International customers living in the United States deal with a number of Estate Planning obstacles. For the negligent, an absence of planning can cause disaster. In this article, attorney John C. Martin discusses four traps for the unwary migrant who goes through, lives, or works in the United Sates.
Estate Planning for International Clients: Three Traps for the Unwary
International customers living in the United States deal with a number of Estate Planning difficulties. For the negligent, an absence of planning can cause disaster. In this post, the author talks about 3 traps for the negligent expatriate who travels through, lives, or works in the United States.
First Trap: It’s Not What you Know, it’s What you Don’t Know
Often times, non-US residents are uncertain whether they will undergo various sort of tax, and at what quantity. Maybe a nonresident working on a service visa pays earnings tax on their around the world profits, and reckons that they therefore are dealt with the very same as an US person for all other kinds of tax. Wrong. The rules subjecting one to income tax vary from those for transfer tax. An individual has to pay earnings tax if they meet among the following tests:
( 1 )He or she has a permit (is a legal irreversible citizen);
On the other hand, a person is subject transfer tax based upon a much different test. What is transfer tax? Transfer tax consists of the lots of types of taxes that Estate Planning attorneys are worked with to decrease or remove. They include present tax, estate tax, and generation skipping transfer tax (GSTT). Capital gains tax is not a “transfer tax,” however it sometimes enters into play when a transfer of assets is made. Who will go through move tax? The internal profits code, area 2001(a), provides that a “tax is hereby imposed on the transfer of the taxable estate of every decedent who is a citizen or citizen of the United States.” However a “resident” for earnings tax functions, discussed above, is different from a “resident” for transfer tax purposes. The more crucial question for transfer tax functions is whether one is domiciled in the country. To be domiciled in the United States:
( 1 )The person must intend to permanently reside in the United States;
Does this mean that a person who maintains a house in the United States might not be domiciled there for transfer tax purposes? Yes. If the specific planned to return to their nation of origin, and that truth could be clearly shown by the facts and situations, then the Internal Revenue Service might think about the person to be domiciled in their country of origin. As we will see below, this determination is crucial for the types of tax that can be imposed on transfers and at what amount.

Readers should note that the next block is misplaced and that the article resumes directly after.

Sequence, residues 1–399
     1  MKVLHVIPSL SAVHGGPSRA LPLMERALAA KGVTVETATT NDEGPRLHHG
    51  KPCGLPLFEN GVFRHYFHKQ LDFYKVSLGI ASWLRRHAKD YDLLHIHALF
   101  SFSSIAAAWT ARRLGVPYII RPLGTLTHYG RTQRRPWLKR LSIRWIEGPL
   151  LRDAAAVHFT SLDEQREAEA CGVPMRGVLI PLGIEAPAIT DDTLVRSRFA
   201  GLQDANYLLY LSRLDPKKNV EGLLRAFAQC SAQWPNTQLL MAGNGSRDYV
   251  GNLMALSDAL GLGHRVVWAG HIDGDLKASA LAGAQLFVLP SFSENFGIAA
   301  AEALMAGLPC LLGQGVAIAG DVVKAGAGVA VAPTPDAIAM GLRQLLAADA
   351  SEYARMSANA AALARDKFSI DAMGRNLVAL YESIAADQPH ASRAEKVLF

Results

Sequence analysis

Second Trap: The $60,000 Estate Tax Exemption for non-Residents
For United States permanent homeowners and citizens, the 2009 estate tax exemption amounts to $3,500,000. That indicates that estates valued at less than $3,500,000 will not go through estate tax for decedents passing away in 2009. Non-residents, nevertheless, can only transfer up to $60,000 without paying an estate tax. Hence, lots of non-residents living in the United States, some just with modest properties, will leave their heirs with a 45% costs on sizable taxable estates!
If a non-resident has an US Person spouse, they can make the most of the IRC 2523 endless marital reduction, which delays all estate tax until the death of the second partner. Many non-residents do not have an US citizen partner. For those with non-citizen partners, a Certified Domestic Trust (“QDOT”) can be developed to make qualified transfers to one’s spouse to reduce or eliminate the estate tax bill. Together with a Credit Shelter Trust that sets aside the $60,000 exemption quantity, the QDOT can be a powerful planning strategy. Upon his or her death, the non-Citizen partner will still leave their beneficiaries with a big taxable estate.
Third Trap: Gift Tax on taxable transfers
Non citizens can not make any “taxable transfers” for gift-tax functions without incurring a present tax. IRC 2102, 2106(a)( 3 ), 2505. They should keep in mind that they can take advantage of gift-tax exclusions, such as the IRC 2503(b) yearly exemption, and the special IRC 2523(i) for non resident partners.
Also, the kind of property will make a distinction on whether a taxable transfer is subject to gift tax. For non-resident non-domicilaries, only those properties concerned to be positioned within the United States are subject to present tax. Gifts of intangible properties, on the other hand, will not undergo present tax. Why is that essential? Given that shares of stock are thought about intangible assets, they may be transferred in particular circumstances without triggering any present tax. Non-residents should evaluate which possessions will be subject to gift tax in order to plan accordingly.
Conclusion: Be Prepared
Non-residents should look for education in order to reduce an undesirable level of direct exposure to move tax both now and upon their death. Consulting with an estate planning attorney who works with worldwide customers can assist mitigate these and other problems.
This post is intended to offer general information about estate planning techniques and need to not be trusted as a replacement for legal advice from a qualified lawyer. Treasury guidelines require a disclaimer that to the extent this short article issues tax matters, it is not planned to be used and can not be utilized by a taxpayer for the purpose of avoiding charges that might be enforced by law.